Monkey Man Review - nerdthusiast


Monkey Man comes to us from lead star Dev Patel marking this his directorial debut. Here we follow an anonymous young man who’s only path is vengeance as he plunges his way through the slums of India against the corrupt leaders who stripped his life away. To sum up this film as a whole, there was action before Dev Patel and now there is action after Dev Patel. 

Was very interested in this once the reviews started coming in. Plus, Dev Patel has been a solid actor since his days in Skins, so I was curious to see whether he has the juice for being either an action actor or a director. It turned out he's got a penchant for both. Monkey Man doesn't break any new ground when it comes to One Man Army revenge films, but Patel manages to do it in brutal style thanks to some highly impressive set-pieces and a unique setting of political turmoil in India. I'm so very glad Jordan Peele did the smart thing and managed to get this saved from being utterly disposable Netflix Content that would have been buried almost instantly in the algorithm with next to no advertisement, instead allowing it to be shown in cinemas, where films actually make money and leave an impact. It's refreshing to see a well-made, original, R-rated action film with real vision behind it, as you can really see the blood, sweat and tears Patel put into this passion project from the get-go.

It's also just incredibly refreshing to see a mainstream wide-release action film rooted in Indian culture. There's lots of Bollywood action films released every year to acclaim, but they rarely show locally for me (I must get round to "RRR" and the upcoming "Kill", which had a trailer before this looks like a blast). It makes for some highly inventive and unique action with some high speed chases using tuk-tuks, mysticism rooted in Indian culture and the gorgeous, neon lit settings of the city of Yatana. There may be a bit of a lul in the second act when they do the whole "Hero on the verge of death explores his past and why he fights through mystic drugs", but it mostly feels refreshing with its structure and execution. This does wear its influences on its sleeve, and it's impossible not to compare it to "John Wick" at this point (They even directly mention it), but it does stand on its own with a more mystic and symbolism heavy vibe, that while not always subtle, does work. I went into these expecting Dev Patel's "The Kid" to be a highly trained killer, but he couldn't do anything less than that at the start. He starts off very brash and messy with a calculated plan that goes awry as he's way too underprepared. It was almost like in video-games when you get your ass handed to you by the final boss at the start of the game then have to train your way up for the final fight.

I didn't have any doubts on Dev Patel's ability as an actor, but he is still fantastic here, a quiet, extraordinarily angry man filled with rage and an easily understandable and simple backstory. It's a very driven role as he does a lot with very little words as he bares a very expressive face that works in favor of this unnamed character. Sikandar Kher makes for an effective villain, a real vile piece of filth you're happy to see annihilated. Sharlto Copley is great fun in his slimy minor role (Great to see this guy pop up in stuff again as Neil Blomkamp hasn't got a South Africa set sci-fi film in production it seems). Pitobash makes for a funny and likeable sidekick like character to "The Kid"and weirdly reminded me of Paulie from the Rocky series with his look and behavior . I do wish there had been a bit of a stronger main villain though, as while Makarand Deshpande does have presence of the overarching big bad, he feels very underdeveloped and outshined by his underdogs in Sikandar Kher and the delightfully cuntish Ashwini Kalsekar.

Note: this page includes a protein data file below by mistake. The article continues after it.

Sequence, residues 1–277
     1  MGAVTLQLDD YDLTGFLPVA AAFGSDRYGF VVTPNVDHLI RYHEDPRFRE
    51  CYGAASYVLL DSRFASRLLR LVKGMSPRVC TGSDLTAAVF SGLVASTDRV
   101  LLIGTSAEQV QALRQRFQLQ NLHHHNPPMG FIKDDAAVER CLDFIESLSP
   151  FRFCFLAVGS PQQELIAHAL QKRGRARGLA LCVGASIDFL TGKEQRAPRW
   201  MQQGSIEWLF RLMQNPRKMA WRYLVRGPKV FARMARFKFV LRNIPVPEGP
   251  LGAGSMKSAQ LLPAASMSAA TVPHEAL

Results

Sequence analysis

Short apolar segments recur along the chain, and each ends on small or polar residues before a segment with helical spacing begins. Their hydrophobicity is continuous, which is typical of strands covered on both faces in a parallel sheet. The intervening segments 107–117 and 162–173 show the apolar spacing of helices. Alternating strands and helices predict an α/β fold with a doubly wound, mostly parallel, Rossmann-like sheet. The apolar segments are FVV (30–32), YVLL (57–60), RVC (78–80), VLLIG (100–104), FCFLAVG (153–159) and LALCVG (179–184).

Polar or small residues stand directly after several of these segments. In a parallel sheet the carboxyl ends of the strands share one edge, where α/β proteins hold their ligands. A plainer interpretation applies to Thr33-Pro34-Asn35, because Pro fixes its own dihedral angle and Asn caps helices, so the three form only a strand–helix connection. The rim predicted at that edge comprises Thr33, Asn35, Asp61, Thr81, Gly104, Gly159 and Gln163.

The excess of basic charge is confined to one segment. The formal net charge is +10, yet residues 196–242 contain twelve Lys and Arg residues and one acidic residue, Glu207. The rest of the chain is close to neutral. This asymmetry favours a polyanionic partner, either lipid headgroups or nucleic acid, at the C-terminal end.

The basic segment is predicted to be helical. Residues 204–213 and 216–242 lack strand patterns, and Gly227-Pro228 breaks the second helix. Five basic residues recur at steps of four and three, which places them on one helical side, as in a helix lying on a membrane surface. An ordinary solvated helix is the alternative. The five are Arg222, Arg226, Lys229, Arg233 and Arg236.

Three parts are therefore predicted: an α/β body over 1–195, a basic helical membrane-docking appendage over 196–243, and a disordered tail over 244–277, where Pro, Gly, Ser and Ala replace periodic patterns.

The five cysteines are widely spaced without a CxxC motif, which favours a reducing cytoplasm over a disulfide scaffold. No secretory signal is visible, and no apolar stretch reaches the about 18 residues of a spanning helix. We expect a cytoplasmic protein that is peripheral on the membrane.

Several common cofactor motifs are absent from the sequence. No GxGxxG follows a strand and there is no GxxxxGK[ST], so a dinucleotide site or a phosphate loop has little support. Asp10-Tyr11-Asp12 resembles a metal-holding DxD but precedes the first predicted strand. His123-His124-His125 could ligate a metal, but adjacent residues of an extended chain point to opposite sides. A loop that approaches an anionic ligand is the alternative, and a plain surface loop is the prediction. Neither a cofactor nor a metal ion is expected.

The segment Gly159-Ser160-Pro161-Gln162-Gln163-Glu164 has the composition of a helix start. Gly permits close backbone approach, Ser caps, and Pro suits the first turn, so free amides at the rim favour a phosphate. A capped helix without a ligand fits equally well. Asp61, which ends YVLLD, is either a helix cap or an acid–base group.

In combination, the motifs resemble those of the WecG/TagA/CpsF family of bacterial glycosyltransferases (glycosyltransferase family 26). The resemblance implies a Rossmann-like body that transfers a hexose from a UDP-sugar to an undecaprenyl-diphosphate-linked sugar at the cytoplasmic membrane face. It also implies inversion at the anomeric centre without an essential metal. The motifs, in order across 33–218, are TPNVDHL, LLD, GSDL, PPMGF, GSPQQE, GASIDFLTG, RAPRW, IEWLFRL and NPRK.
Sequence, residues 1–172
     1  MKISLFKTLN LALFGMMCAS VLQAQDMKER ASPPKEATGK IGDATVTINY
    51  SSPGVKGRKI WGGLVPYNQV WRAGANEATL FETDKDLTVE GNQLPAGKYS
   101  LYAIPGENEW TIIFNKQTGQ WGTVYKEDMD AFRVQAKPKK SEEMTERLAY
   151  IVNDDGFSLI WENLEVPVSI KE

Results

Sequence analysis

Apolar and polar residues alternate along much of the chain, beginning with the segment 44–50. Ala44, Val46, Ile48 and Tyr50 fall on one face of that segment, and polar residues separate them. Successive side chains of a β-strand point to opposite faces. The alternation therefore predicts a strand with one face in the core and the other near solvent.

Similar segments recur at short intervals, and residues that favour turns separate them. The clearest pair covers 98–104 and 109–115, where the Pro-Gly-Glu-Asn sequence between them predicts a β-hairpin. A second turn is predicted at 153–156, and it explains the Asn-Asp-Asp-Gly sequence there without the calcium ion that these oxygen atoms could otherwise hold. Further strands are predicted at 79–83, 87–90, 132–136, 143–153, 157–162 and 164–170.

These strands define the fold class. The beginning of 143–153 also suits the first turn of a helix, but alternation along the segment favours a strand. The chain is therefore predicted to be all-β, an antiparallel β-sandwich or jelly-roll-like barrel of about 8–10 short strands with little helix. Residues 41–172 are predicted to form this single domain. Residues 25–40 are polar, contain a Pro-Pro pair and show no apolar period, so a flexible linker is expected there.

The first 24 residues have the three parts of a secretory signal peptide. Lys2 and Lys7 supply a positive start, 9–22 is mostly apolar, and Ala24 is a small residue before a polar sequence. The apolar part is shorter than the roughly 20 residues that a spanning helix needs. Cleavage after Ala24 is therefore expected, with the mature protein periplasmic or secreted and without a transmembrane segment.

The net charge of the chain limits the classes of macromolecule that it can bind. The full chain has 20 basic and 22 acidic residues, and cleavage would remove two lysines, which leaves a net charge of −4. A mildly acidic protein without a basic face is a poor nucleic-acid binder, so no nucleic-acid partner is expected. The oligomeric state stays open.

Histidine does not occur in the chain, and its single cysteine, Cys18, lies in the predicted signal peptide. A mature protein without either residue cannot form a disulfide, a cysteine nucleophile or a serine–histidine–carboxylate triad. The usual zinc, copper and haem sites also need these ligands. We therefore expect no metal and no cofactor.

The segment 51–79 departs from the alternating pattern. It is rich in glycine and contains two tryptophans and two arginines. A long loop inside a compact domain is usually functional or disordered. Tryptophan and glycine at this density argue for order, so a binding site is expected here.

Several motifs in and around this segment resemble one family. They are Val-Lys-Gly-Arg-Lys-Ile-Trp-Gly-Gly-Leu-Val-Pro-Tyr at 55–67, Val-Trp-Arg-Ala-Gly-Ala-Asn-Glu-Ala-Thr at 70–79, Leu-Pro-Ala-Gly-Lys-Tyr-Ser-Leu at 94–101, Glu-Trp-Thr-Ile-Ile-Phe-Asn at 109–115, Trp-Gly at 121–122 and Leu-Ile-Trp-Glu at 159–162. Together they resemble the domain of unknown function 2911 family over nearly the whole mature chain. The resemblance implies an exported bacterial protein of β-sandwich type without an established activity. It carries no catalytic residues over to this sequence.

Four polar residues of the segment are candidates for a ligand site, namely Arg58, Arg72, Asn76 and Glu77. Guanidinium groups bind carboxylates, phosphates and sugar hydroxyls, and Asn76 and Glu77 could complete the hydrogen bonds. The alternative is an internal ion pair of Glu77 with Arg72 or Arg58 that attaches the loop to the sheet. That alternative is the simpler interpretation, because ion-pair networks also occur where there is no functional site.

Dev Patel's direction smartly chooses to film the action more clearly and choreographed as his character increases his skill set. I was a bit worried early on as the opening fight in the ring is filled with Paul Greengrass style close-ups and shaky-cam that had me going "Oh, no '', but each succeeding action scene feels much more confident, clear and stylized. The final half hour in particular is filled with jaw-dropping and crowd-pleasing moments of brutality that are thoroughly entertained as Patel wipes out men with fireworks, noses are bitten off and people are stabbed in impressively grizzly ways with graphic detail on the wounds. The camerawork and editing is energetic and follows the action beautifully, allowing things to be in your face, but easy to follow as we revel in the carnage caused in these body-count heavy brawls. Being a passion project that had a rough production (Even resorting to filming some iffy shots on iPhones and GoPro’s that really stick out), I'm stunned this turned out the way it did, and as polished, confident and electric as it as a first film from Patel.

Monkey Man may have some luls in its second act and a couple of rough moments, but this is a thoroughly impressive and confident debut from Dev Patel that proves he has the juice for creating hard-biting, incredibly violent and spectacularly put together action with a unique angle. Politically-charged, gorgeously lit with its neon and mystical imagery and just a damn good time at the films. It doesn't rewrite the action book, but it's a refreshingly original film that only has me excited for whatever Patel does next, whether it's Monkey Man 2, an original action film or even a completely different genre, I'll be fully onboard.

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By Danny Manna @Cinemanna24